The Francis Asbury Society

FACE TO FACE: Intimate Moments with God 5/31

Posted on | May 31, 2015 | Comments Off on FACE TO FACE: Intimate Moments with God 5/31

Scripture reading: Acts 9:1–22

About Noon on the
Road to Damascus

As I drew near to Damascus, about noon a great light from heaven suddenly shone around me. And I fell to the ground and heard a voice saying to me, “Saul, Saul, why are you persecuting me?”     (Acts 22:6–7)

Undoubtedly the Damascus road conversion of the apostle Paul (also known as Saul) is the most famous conversion in history. Until this moment Paul had been public enemy #1 of the church of Jesus Christ. He hated Christians and everything they stood for. But at noon on this day and in this place, he was dramatically transformed and became perhaps the greatest promoter of the Christian faith in the past two thousand years. Paul’s conversion is recounted three times in the book of Acts (chapters 9, 22, 26) and twice more elsewhere in the New Testament (Galatians 1–2, Philippians 3). Clearly, we are meant to see Paul’s conversion as prototypical, a model for what all true conversions ought to look like. Though some parts of his experience are unique (the light, the voice, blindness), the overall structure is indicative of the essential elements that ought to be found in every authentic conversion:

1. A personal encounter with Jesus. “Who are you?” Paul asked the person speaking to him from the blinding light. “I am Jesus,” came back the reply (Acts 9:5). Paul’s conversion was not to a new religion or philosophy of life.  He was converted to a person: Jesus. It wasn’t the strength of the theological arguments of Christians that caused him to change, but the reality of the presence of person of Christ.
2. A profound conviction of sin. “Why are you persecuting me?” Jesus asked (Acts 22:7). Suddenly Paul realized that his hostility to the church was in reality an act of rebellion against God himself! The light from heaven exposed the darkness in his soul. This was no vague and generic sense of unease but the terrifying discovery that he was guilty of opposing the King of the Universe! Paul’s response was not a wimpish, “I’m not what I ought to be so I’ll try harder,      ” but a despairing, “Woe is me! I am ruined” (Isaiah 6:5).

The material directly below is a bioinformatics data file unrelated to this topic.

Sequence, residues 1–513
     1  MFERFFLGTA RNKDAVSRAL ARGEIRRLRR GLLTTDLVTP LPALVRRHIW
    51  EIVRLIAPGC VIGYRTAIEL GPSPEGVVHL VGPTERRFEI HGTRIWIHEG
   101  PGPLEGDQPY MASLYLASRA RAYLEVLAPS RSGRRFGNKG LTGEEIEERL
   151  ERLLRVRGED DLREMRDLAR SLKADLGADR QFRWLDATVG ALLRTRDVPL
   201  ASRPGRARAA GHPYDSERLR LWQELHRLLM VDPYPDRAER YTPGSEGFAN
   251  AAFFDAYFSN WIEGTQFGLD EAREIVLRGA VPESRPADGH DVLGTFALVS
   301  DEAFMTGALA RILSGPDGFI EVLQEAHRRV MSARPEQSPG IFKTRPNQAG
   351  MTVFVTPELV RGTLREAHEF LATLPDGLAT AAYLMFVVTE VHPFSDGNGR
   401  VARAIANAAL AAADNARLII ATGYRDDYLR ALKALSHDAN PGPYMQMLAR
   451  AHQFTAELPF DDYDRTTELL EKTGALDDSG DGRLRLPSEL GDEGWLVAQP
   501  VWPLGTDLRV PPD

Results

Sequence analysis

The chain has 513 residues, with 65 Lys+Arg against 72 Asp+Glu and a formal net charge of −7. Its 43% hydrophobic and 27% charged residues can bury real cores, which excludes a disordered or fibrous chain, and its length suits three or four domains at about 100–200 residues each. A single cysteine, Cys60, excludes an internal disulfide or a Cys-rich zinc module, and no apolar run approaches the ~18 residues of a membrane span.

3. An unforgettable experience of grace. As Paul confessed his sin and acknowledged his guilt, he suddenly became a candidate for grace! Ananias came and said, “Rise and be baptized and wash away your sins” (Acts 22:16). In a short span of time Paul was forgiven, baptized, filled with the Spirit, healed of blindness, and commissioned to be a missionary to the nations (Acts 9:15–19). Paul would easily identify with the words of the old gospel song written by Horatio G. Spafford:

My sin —O, the bliss of this glorious thought,
My sin—not in part but the whole,
Is nailed to the cross and I bear it no more,
Praise the Lord, praise the Lord, O my soul!

4. A spontaneous passion to tell others. “And immediately he proclaimed Jesus in the synagogues, saying ‘He is the Son of God’” (Acts 9:20). Just as a newly married man can’t stop talking about his bride, so Paul could not be silenced. He wanted everyone to know the truth about who Jesus is and what he came to do! His message was not so much a creed or a doctrine as it was a person!

Jesus said, “Unless you are converted and become like children, you shall not enter the kingdom of heaven” (Matthew 18:3 NASB). This is not optional, it is essential. What about you? Are you converted?

One encounter with Jesus Christ is
enough to change you, instantly, forever.
—Luis Palau

point to ponder • How does your conversion compare to Paul’s?

prayer focus • Someone you know who needs Jesus.


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